MANCHESTER – Since Emotional Social Learning (SEL) has been shown to improve students ’knowledge, behavior, and presence, it was only right that student participation be celebrated as part of International SEL Day.
Students will learn to focus, cope with stress, and how to interact with each other, and this has become even more important as they tackle the mental health issues associated with the COVID-19 pandemic.
Recently, Manchester Primary Schools celebrated International SEL Day, where students participate in SEL events throughout the day.
Activities focused on the five competencies for emotional social learning identified by the New Jersey Department of Education, which include: self-awareness, self-management, responsible decision-making, social awareness, and relationship skills.
Ridgeway School Counselor Melanie Janeike and Deputy Principal Kerry Young designed lessons for the event and showcased resources based on this year’s SEL Day theme: “Finding common ground, pursuing common good.”
Students visited the day from each class at their class level to learn more about emotional social learning. At the height of the day was the presentation of the brainstorming exercises on the school’s extended board program by Chelsea Greenstein. She guided the students through a series of poses and breathing techniques to help the students in the practice of vigilance.
Kindergarten students enjoyed a number of classroom activities, some of which included watching a video about sympathy on Sesame Street. Older students completed online activities and filled out worksheets asking them to fill out a rainbow and a pot of gold with positive things about themselves.
Manchester Township Elementary School extended SEL Day to a full month and started it with Superhero Day and discussed how everyone can use their higher powers to do good to others and feel comfortable in their own skin.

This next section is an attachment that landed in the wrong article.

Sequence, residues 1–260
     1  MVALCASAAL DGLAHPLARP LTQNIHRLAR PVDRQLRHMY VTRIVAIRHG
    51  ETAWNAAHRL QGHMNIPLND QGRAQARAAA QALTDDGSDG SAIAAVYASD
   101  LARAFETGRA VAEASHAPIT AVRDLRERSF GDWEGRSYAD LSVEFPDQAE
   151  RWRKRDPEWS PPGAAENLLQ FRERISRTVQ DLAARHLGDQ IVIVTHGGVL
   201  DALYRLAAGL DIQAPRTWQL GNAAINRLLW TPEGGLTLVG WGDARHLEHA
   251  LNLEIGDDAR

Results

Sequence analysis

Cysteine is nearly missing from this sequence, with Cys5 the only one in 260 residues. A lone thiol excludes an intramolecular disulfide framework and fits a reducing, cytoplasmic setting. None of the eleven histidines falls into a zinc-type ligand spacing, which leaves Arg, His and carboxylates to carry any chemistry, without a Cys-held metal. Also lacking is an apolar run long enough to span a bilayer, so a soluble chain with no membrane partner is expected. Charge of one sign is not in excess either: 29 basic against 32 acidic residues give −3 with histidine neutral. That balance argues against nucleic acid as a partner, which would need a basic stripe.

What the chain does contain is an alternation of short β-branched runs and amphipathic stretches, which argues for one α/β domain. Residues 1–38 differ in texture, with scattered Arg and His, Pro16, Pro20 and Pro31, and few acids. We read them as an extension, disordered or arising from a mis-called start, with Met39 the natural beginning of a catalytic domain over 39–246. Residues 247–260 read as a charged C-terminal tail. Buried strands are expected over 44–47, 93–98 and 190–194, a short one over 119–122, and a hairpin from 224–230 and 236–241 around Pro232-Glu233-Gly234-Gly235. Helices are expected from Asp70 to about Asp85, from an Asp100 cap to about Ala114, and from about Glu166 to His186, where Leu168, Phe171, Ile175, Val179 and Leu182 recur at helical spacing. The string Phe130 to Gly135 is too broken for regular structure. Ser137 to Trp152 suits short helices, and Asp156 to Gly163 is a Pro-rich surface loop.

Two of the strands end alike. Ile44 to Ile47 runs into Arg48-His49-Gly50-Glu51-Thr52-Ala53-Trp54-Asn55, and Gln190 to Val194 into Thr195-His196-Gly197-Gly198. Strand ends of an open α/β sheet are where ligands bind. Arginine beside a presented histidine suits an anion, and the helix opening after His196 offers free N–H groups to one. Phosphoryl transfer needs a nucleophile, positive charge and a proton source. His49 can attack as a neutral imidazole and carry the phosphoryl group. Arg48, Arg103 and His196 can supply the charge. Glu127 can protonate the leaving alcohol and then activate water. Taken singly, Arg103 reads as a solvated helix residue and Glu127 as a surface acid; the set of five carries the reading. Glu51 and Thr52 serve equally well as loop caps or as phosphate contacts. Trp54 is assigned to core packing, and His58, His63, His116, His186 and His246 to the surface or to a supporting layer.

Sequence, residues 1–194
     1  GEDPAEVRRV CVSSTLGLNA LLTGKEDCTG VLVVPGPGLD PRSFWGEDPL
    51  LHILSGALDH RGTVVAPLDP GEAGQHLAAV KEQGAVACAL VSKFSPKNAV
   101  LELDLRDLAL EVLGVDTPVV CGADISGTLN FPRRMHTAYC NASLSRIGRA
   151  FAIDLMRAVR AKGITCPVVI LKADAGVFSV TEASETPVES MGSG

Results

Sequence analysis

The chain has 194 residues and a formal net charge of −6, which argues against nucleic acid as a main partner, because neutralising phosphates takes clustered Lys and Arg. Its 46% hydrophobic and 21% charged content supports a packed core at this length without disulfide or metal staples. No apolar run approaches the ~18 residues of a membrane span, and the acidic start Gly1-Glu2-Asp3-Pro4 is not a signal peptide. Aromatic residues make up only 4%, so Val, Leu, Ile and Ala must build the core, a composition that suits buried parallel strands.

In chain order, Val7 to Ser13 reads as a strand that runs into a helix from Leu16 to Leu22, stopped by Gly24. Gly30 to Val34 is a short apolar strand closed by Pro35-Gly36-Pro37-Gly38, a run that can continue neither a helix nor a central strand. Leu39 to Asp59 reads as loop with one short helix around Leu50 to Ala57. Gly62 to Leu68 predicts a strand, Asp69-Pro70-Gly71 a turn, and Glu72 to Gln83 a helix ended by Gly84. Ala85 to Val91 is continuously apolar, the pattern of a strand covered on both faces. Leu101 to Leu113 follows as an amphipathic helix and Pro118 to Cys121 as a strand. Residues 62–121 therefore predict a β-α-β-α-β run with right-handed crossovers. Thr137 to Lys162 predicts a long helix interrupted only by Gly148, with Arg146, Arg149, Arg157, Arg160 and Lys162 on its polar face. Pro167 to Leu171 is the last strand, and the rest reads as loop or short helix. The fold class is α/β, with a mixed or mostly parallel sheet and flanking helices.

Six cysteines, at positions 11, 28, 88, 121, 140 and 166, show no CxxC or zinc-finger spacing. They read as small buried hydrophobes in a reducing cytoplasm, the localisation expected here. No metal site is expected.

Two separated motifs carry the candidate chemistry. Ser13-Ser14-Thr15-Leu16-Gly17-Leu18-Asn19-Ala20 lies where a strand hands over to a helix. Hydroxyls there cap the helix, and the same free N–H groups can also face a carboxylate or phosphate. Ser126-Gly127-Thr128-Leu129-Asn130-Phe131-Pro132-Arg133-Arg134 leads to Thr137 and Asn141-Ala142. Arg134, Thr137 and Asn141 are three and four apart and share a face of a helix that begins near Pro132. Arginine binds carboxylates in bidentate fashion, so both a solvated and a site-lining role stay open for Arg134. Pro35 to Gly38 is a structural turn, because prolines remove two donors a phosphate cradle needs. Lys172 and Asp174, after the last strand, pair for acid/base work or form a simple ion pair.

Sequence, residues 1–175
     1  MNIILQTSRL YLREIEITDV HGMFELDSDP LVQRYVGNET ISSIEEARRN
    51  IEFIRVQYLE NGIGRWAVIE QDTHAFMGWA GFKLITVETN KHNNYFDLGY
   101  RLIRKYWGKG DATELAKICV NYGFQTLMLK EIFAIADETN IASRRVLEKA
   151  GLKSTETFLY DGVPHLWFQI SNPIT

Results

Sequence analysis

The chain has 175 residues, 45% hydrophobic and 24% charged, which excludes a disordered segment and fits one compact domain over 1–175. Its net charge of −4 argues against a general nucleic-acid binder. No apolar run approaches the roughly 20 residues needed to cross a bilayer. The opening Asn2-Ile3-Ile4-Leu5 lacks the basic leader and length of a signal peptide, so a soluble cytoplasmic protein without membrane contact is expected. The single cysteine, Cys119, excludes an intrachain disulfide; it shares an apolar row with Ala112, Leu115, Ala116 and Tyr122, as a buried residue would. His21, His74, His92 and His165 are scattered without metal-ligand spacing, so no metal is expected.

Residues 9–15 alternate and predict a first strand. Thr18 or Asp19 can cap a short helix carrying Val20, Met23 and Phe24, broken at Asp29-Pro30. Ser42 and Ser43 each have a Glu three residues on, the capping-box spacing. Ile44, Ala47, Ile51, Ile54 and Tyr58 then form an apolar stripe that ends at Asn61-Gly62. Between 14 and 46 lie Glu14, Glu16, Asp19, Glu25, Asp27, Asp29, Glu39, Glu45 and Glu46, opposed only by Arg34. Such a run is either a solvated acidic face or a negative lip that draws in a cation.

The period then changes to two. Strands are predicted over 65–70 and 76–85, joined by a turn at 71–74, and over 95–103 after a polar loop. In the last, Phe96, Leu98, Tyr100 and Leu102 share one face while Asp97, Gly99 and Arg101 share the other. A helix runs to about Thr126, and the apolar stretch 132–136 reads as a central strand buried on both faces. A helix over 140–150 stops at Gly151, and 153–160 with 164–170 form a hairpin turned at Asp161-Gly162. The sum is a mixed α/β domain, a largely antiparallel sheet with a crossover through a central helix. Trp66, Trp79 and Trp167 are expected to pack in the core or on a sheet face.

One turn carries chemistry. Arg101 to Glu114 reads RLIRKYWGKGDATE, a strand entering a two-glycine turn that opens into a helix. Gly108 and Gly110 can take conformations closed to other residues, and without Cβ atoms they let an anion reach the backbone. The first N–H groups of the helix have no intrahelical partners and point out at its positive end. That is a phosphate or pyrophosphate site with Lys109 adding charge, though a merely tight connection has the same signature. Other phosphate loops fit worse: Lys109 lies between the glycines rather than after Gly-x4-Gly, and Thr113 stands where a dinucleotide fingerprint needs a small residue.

School principal Linda Waldron said one of their teachers was wearing a captain’s underwear, which she said was the perfect example of feeling comfortable in your skin.
Student ambassadors from each class met with the mentor, Ms. Smisek, and the principal. They talked about SEL and shared the discussion with their class. Students were also asked about their comfort at MTES.
The mentor will review the results and plans to share them with staff and students at their next meeting through their ambassadors.
Meanwhile, at Whiting Elementary School, students were grouped according to their grade level – (k-2) and (3-5) – according to a schedule of engaging learning activities, each centered around one of SEL’s competencies.
Students created their own calm pots and stress balls that could be used to regulate frustration or anger. They went on a Mindfulness walk that allowed them to create a clear and positive mind. One station was empathetic and used a variety of scenarios to teach how one can empathize with another. Students created a craft that allows students to recognize their abilities, thoughts, and feelings.
“Emotional Social Learning Day is a great opportunity for our students to learn the skills and knowledge they need to know and understand their emotions. Our students enjoyed working with our staff and their classmates. Whiting Elementary is looking forward to celebrating it again next year! Director Evelyn Swift said.